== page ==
Early-onset asthma and wheezing may be risk factors of childhood obesity, according to results from a recent study.
Researchers evaluated 21,130 non-obese children aged between three and four years old born from 1990 to 2008 in Denmark, France, Germany, Greece, Italy, The Netherlands, Spain, Sweden, and the UK with physician-diagnosed asthma, wheezing, and allergic rhinitis. They assessed for incident obesity up to eight years old.
— ERS publications (@ERSpublications) September 30, 2018
An asthma diagnosis was associated with a higher risk of obesity by age eight compared to children who were not diagnosed with asthma (adjusted hazard ratio [aHR] 1.66, 95% CI 1.18–2.33). Children with active asthma (wheeze in the last year and physician-diagnosed asthma) were nearly twice as likely to become obese than children who did not have asthma (aHR 1.98, 95% CI 1.31–3.00). Persistent wheezing was also considered a risk factor for obesity compared to never wheezers (aHR 1.51, 95% CI 1.08–2.09).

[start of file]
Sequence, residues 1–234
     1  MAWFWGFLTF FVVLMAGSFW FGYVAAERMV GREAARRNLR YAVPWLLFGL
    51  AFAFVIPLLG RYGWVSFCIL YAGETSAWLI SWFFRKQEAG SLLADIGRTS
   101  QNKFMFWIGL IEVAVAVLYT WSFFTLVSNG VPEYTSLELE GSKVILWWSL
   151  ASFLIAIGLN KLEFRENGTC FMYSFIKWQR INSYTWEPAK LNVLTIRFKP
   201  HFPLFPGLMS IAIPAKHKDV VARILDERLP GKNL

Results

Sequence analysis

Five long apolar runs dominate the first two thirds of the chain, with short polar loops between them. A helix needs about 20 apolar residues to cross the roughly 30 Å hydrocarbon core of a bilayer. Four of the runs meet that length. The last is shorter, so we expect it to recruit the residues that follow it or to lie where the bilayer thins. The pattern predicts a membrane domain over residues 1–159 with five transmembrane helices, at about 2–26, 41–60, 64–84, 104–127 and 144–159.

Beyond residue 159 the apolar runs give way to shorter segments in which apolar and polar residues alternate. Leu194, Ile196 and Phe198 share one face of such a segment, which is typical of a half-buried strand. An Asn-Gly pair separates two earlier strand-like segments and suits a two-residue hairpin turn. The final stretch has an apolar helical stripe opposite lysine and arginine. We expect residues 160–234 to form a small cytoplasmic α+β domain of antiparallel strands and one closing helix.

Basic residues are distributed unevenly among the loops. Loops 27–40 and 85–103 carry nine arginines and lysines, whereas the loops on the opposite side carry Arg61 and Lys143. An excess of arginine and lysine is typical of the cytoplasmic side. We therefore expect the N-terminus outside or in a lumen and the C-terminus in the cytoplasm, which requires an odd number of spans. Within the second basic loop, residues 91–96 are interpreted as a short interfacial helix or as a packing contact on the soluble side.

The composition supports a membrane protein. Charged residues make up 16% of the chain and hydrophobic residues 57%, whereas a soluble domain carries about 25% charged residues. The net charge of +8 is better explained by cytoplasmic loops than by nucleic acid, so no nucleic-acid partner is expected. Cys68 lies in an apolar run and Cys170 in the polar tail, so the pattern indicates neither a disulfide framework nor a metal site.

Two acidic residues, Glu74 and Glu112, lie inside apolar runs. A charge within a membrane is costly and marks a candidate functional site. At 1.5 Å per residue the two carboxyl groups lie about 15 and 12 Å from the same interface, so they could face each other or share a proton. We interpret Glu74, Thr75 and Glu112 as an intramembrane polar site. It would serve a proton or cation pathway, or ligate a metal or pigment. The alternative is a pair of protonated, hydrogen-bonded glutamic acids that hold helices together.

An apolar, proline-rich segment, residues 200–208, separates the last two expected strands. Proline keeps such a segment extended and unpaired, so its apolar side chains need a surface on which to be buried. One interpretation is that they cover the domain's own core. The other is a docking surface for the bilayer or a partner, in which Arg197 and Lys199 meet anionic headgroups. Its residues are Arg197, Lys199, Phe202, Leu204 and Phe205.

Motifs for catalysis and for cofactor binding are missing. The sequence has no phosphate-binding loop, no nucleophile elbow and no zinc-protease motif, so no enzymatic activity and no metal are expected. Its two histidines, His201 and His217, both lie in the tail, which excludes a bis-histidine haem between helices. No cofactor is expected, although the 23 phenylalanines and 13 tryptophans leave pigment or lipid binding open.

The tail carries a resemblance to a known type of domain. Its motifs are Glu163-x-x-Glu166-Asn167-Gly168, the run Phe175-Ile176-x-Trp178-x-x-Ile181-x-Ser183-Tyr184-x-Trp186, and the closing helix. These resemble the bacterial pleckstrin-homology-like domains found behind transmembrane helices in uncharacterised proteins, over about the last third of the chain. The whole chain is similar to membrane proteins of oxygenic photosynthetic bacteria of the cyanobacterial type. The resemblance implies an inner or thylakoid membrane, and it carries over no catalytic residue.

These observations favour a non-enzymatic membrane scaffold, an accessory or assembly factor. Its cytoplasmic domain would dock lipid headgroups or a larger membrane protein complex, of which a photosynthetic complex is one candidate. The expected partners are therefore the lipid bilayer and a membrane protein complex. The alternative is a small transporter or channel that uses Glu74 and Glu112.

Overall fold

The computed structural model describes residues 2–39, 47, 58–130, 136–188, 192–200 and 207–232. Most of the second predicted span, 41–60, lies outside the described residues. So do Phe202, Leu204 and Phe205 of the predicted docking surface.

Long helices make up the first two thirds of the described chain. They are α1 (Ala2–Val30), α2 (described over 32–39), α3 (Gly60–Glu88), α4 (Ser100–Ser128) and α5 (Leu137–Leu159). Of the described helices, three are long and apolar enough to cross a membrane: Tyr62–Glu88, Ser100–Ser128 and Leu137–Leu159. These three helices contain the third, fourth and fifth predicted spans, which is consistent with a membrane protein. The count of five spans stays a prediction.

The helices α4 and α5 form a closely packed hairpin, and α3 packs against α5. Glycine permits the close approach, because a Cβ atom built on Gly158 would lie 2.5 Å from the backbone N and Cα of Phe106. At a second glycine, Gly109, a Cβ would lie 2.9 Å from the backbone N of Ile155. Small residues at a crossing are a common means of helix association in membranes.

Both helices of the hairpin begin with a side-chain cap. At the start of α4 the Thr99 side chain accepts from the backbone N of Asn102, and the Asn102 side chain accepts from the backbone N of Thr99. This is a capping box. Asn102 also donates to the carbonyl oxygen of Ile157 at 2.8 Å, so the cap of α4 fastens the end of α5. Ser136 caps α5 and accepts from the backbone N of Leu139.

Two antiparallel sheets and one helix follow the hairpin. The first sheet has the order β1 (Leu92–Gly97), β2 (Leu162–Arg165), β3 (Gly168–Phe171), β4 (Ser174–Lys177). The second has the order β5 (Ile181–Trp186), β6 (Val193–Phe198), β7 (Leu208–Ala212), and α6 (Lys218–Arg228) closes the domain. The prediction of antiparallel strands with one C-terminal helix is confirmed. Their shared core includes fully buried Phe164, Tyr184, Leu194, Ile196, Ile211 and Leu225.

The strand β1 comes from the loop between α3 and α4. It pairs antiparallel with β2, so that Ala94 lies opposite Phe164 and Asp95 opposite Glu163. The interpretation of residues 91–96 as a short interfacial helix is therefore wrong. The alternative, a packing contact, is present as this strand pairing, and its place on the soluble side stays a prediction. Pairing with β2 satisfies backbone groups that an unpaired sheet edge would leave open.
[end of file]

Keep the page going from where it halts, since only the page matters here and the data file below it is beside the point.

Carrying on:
— Juan C Ivancevich MD (@Aller_MD) October 9, 2018
“We care about this issue because asthma affects approximately 6.5 million children – about one in 10 – in the United States,” said study author Lida Chatzi, a preventative medicine professor at the University at Southern California (USC). “It’s a chronic childhood disorder and if it increases the risk of obesity, we can advise parents and physicians on how to treat it and intervene to help young children grow up to enjoy healthy, adult lives.”
— Severe Asthma CRE (@SevereAsthmaCRE) October 5, 2018
Study author Frank Gilliland, a preventative medicine professor at the Keck School of Medicine at USC, said of the findings, “Asthma may contribute to the obesity epidemic. We urgently need to know if prevention and adequate treatment of asthma can reduce the trajectory toward obesity.”